Keep this in mind, as it can put your whole operations behind schedule and lose you money in the long run.

Set a limit on waiting (ten minutes is a fair minimum), and let them know that you will charge extra if they go beyond this limit.

Why Calculate The Charge Per Mile For Delivery Businesses?

Improves Product Costing

Once you have the correct delivery cost, you can start improving your product costing to make a small profit margin to sustain your business.

Improves Decision-Making

Charging the correct delivery cost improves decision-making and sets up better pricing brackets.

You will also be more confident to charge at your price point, knowing how much money your delivery operations cost.

Scales Your Profits

Knowing exactly how much to charge for delivery scales up your profit margin, even in the face of the unpredictable nature of delivery businesses.

Frequently Asked Questions (FAQs) about Charging Per Mile

Is it better to charge per mile than per hour for deliveries?

It depends. Suppose you choose a delivery business model that charges an hourly rate. In that case, you may be looking at more straightforward calculations, as you only need to look at the number of working hours you put in per week versus all pertinent costs. This is great if you’re covering only small areas. However, if there are unexpected delays, your customer may not be happy as they will have to shell out more money for longer deliveries. This can mean unhappy customers and, over time, a losing business.

Is there an average charge per mile for deliveries in the US?

The average charge per mile for deliveries in the US is anywhere from $1.50 (if you’re using a standard car) to $2.00 if for pickup trucks.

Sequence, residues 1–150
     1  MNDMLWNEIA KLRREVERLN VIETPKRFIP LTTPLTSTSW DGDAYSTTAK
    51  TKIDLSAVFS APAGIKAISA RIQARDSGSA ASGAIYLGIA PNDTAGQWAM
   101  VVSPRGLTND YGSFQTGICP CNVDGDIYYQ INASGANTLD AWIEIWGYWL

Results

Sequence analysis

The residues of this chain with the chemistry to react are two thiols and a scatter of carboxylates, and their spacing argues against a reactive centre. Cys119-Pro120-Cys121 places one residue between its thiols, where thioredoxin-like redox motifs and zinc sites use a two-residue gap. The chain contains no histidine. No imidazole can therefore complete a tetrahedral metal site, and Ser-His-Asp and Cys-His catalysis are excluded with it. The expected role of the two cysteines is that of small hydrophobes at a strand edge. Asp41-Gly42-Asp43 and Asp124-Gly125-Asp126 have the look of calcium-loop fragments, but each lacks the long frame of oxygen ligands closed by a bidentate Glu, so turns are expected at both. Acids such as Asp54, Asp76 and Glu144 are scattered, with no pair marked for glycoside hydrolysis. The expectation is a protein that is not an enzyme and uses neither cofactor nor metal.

In A Nutshell

The success of your delivery business highly depends on whether or not you charge competitively.

It’s essential to consider many factors that could affect how much you charge per mile for delivery businesses.

Office rent, utilities, labor, vehicle cost for maintenance, and fuel are some expenses that your business can’t do without. It’s important to know exactly how much you need to keep your business running.

Once you have this number, it’s time to identify how many miles you drive during a given period.

You can now calculate the cost per mile by dividing the business expenses by the number of miles driven and charge a bit more to make a profit.

Get a route planner like Route4Me to make route planning and optimizing simple and easy, so you can focus on growing your business. Get your free trial today.


Want To See For Yourself How Route4Me Can Boost Your Profits?

Whether you want to slash the time it takes you to plan routes for your drivers, increase the number of stops they can make, or keep your customers satisfied knowing that your drivers show up on time… Route4Me helps you achieve that!


About author: Dominic Walker

Dominic Walker works as a content marketer as part of Route4Me’s worldwide remote workforce. A teacher of over 15 years, Dom knows how to break complex ideas down to the very basics and explain them in a digestible way. He loves answering questions, so if you’re wondering about route optimization, jazz guitar, or how to land a fat bass, Dom is your guy.


About Route4Me

Route4Me has over 40,000 customers globally. Route4Me's Android and iPhone mobile apps have been downloaded over 2 million times since 2009. Extremely easy-to-use, Route4Me's apps create optimized routes, synchronize routes to mobile devices, enable communication with drivers and customers, offer turn-by-turn directions, delivery confirmation, and more. Behind the scenes, Route4Me's operational optimization platform combines high-performance algorithms with data science, machine learning, and big data to plan, optimize, and analyze routes of almost any size in real-time.